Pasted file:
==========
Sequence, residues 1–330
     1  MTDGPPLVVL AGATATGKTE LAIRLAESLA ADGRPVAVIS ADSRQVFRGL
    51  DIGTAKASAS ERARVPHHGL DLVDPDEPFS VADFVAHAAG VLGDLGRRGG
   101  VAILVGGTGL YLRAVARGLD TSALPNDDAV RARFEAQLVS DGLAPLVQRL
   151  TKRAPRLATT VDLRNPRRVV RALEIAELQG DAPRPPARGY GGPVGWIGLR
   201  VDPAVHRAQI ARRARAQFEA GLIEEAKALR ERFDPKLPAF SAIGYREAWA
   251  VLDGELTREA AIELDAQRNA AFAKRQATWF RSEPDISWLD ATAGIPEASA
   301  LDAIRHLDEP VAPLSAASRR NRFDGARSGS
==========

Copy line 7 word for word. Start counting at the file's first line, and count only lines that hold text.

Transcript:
   251  VLDGELTREA AIELDAQRNA AFAKRQATWF RSEPDISWLD ATAGIPEASA